Krugman ends his column this way:
If I were President Obama, I’d be doing all I could to head off this prospect, offering some major new initiatives on the economic front in particular, if only to shake up the political dynamic. But my guess is that the president will continue to play it safe, all the way into catastrophe.
The entire Brian Williams interview, sadly, confirms Krugman’s pessimism. Apart from accepting too many Republican prescriptions for the economy, Obama also waxes vague and platitudinous when asked about the extreme forces he’s up against, like birthers, Beck and Limbaugh. He talks about “strong opinions” and “process” and “debate” all being good for the country. He tells Williams: “And there’s — you know — a lot of folks who have very strong opinions about various issues. That process helps guide us in a better direction. That’s part of the reason why this is a more dynamic society than others. This is one that is adaptable. That can change. That can recover. That is resilient.”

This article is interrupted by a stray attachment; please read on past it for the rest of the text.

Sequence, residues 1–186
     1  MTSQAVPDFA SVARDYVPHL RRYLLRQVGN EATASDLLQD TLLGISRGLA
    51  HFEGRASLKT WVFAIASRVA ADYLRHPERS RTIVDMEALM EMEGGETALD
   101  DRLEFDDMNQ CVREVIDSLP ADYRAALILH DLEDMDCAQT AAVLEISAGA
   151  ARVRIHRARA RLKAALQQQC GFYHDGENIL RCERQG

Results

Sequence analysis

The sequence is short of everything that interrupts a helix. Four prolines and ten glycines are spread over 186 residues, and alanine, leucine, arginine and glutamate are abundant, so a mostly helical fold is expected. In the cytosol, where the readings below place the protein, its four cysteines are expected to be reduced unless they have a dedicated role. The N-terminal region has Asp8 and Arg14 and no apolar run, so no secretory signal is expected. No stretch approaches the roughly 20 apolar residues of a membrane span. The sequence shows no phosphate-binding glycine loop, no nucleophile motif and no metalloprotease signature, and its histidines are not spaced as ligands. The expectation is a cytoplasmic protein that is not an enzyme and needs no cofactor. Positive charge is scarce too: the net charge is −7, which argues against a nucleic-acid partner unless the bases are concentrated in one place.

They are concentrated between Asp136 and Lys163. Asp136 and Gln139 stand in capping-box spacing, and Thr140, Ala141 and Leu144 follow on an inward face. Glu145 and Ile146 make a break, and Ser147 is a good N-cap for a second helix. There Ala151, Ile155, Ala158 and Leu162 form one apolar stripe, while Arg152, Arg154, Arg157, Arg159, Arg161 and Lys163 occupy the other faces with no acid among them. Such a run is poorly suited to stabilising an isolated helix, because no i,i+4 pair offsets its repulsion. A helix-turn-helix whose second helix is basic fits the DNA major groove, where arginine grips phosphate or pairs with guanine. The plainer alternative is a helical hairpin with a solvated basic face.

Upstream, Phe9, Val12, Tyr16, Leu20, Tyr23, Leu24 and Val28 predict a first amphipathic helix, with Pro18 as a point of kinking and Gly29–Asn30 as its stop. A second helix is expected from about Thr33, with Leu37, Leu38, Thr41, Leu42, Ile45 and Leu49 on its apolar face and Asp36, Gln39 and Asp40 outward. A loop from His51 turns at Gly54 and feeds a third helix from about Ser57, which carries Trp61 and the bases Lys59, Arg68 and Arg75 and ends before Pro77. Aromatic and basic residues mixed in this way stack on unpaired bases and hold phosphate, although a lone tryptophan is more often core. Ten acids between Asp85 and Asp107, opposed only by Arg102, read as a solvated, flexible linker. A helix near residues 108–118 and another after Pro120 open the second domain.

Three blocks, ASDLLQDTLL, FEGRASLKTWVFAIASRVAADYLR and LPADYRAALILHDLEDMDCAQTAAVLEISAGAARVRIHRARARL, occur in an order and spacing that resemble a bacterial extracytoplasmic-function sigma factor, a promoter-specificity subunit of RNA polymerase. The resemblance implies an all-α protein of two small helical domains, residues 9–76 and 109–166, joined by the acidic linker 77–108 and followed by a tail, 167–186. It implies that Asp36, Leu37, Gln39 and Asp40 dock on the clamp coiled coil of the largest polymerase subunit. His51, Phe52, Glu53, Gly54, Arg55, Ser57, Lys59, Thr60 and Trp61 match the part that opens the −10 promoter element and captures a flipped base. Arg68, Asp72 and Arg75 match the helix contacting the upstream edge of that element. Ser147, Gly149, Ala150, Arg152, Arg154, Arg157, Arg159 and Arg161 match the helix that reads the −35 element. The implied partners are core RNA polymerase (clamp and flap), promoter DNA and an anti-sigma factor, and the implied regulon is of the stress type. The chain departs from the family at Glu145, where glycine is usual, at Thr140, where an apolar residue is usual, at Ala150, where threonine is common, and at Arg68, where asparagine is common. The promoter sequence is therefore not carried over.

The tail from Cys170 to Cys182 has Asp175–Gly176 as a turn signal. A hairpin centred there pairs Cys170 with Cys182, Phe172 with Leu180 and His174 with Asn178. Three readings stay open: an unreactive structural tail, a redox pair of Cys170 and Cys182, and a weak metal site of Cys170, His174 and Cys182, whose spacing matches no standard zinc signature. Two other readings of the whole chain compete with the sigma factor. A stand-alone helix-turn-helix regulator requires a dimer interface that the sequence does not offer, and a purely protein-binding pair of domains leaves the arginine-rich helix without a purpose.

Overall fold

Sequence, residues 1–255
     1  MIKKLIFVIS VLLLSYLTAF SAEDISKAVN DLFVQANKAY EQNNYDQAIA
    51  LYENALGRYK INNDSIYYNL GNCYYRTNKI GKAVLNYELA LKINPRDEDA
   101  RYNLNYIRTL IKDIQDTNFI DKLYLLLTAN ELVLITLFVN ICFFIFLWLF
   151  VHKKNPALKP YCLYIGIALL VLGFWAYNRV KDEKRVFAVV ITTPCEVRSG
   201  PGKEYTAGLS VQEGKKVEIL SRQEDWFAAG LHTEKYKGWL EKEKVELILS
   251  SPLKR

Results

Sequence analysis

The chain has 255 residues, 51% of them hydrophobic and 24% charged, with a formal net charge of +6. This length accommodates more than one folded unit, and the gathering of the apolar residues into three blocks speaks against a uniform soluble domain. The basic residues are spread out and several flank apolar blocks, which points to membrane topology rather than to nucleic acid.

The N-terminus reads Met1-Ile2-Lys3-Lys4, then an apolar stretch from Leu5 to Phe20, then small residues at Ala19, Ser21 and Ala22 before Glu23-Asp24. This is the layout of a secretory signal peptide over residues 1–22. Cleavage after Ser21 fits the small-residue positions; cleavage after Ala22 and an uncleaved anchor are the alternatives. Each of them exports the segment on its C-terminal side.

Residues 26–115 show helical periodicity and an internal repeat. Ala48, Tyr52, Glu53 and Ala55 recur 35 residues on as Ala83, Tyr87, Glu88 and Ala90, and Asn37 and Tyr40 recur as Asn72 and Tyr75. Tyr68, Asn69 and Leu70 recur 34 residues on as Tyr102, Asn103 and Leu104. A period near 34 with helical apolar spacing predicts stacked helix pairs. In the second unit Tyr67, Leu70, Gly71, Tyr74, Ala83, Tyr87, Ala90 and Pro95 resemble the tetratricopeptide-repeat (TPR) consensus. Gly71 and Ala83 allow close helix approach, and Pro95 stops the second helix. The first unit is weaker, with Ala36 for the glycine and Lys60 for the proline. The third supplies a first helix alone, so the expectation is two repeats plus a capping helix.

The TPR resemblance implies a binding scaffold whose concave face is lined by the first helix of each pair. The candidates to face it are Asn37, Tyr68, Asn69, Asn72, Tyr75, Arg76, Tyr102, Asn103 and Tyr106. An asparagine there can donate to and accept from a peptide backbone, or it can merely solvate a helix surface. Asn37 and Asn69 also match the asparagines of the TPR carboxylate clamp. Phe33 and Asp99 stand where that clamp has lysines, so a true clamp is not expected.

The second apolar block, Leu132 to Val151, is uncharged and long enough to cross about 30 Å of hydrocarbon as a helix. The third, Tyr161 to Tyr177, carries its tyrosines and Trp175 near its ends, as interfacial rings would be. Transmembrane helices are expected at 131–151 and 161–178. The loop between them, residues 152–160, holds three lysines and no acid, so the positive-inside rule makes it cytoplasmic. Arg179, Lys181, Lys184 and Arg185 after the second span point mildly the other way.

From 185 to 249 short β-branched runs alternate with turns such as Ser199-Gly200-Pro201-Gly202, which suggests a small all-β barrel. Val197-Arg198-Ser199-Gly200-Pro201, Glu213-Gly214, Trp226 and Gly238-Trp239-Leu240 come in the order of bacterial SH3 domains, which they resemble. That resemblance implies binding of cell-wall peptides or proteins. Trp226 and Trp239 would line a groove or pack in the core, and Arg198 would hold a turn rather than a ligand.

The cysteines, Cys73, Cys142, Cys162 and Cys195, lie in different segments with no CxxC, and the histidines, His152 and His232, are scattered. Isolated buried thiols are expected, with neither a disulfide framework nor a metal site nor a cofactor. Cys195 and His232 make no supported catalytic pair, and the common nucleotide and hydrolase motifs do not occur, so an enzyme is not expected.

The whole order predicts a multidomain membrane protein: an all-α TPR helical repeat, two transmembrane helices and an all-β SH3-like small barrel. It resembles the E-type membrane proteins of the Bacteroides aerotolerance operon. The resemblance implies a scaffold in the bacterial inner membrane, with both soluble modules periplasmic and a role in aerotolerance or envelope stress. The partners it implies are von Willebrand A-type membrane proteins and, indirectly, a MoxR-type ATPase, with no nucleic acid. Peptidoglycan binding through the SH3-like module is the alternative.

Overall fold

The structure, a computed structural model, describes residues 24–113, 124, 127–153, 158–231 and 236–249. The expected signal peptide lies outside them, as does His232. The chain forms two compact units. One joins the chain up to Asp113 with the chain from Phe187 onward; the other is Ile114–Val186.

In general, I share Obama’s optimism about our country, but I think he sounds unprepared for the fight he’s in. Repairing our economy and our political system requires a president who understands what he’s up against. The forces of great wealth will use everything in their power to prevent fundamental change in this country, and one of their favorite tactics has always been “divide and conquer,” propping up charlatans like Beck to distract people from the rate at which they’re widening the gap between rich and poor. That’s one of the things I worried about, watching the Obama phenomenon in 2008: that he believed his own rhetoric about bipartisanship and underestimated the right’s determination to defeat even centrist efforts at leveling the playing field. Unfortunately, I’m starting to think I was right about that one.